If President Obama fights the Islamic State, or ISIS, under the same rules of engagement he uses in Afghanistan, the U.S. mission is doomed, warns a Pentagon official and prolific military embed reporter who says Obama hasn’t thought through the nation’s long-term goals.

Reagan administration Pentagon official Bing West blasted both Obama and former President George W. Bush for choosing nation building over victory and refusing to take any action that might have the slightest chance of endangering civilians, putting U.S. troops in a position that made progress almost impossible in Afghanistan and exposes the poor judgment of political leaders and military commanders who have no personal experience in combat.

West, author of the new book, “One Million Steps: A Marine Platoon at War,” also scolded Obama for thinking America’s enemies would go away if it just stopped fighting them.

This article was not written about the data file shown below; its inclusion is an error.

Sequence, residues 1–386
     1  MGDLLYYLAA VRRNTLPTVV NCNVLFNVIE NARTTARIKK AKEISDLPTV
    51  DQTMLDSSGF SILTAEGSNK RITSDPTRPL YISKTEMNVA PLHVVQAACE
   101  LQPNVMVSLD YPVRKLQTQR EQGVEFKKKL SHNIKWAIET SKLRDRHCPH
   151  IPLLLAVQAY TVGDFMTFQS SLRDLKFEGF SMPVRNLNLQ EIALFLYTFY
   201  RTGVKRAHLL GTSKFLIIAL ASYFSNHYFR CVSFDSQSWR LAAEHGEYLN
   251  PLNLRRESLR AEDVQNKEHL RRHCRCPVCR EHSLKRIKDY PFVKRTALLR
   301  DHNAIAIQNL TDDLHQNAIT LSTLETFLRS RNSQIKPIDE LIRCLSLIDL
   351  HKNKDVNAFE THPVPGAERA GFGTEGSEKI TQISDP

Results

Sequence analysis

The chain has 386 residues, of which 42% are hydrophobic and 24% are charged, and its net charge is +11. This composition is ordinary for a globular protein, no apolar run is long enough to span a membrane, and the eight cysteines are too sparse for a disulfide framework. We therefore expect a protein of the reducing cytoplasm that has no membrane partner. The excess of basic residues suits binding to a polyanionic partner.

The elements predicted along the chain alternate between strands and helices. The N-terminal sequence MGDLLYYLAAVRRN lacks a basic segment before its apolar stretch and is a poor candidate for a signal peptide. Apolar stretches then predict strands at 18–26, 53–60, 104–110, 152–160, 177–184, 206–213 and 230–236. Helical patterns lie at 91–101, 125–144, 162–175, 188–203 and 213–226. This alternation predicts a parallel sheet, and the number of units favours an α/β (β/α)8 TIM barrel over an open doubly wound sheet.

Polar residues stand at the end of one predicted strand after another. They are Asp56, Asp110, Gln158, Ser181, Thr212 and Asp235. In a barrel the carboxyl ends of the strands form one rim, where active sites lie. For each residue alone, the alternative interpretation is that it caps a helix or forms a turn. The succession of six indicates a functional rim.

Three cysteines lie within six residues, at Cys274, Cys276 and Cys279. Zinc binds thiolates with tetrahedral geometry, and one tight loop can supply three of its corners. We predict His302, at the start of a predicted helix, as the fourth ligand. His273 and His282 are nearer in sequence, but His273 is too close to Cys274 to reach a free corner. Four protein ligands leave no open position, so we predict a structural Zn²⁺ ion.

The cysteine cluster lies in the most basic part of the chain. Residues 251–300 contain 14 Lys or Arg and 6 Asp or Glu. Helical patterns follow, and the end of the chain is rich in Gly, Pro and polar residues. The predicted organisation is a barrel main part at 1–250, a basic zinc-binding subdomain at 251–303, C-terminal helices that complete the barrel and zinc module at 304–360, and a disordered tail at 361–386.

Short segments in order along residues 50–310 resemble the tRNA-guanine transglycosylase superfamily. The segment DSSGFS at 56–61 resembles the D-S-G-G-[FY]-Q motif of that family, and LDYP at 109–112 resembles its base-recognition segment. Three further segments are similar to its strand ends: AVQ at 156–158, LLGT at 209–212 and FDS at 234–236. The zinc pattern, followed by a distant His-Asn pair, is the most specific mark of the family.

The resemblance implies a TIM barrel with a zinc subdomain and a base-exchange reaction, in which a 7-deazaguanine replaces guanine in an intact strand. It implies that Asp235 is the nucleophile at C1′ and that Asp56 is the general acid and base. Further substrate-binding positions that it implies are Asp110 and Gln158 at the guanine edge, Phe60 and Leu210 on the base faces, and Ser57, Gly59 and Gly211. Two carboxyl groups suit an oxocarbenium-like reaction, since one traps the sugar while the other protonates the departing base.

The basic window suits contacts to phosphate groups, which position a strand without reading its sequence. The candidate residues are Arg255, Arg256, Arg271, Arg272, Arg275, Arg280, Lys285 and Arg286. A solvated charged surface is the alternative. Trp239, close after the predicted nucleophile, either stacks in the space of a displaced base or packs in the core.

“He did not want to be involved in wars, and he told us, ‘I’m just stopping these wars.’ Well, hello? If the other guy’s still trying to kill you, you can’t just stop a war. So he made the great mistake of pulling us out of Iraq, and I’m very worried that he’s still promised that we’re pulling out of Afghanistan completely,” he said. “If you allow those who intend to kill you to plot when they’re going to kill you, you’re going to get killed. So now he has been forced by public opinion to go back in against the Islamists who have taken over half of Iraq.”

West is very critical of Obama’s semantics in how he addresses the ISIS threat. Obama repeatedly has insisted there will be no “boots on the ground.” West said a thousand U.S. forces are already there. He said the government can officially designate the troops to be under CIA command and thus deny the U.S. has ground forces there.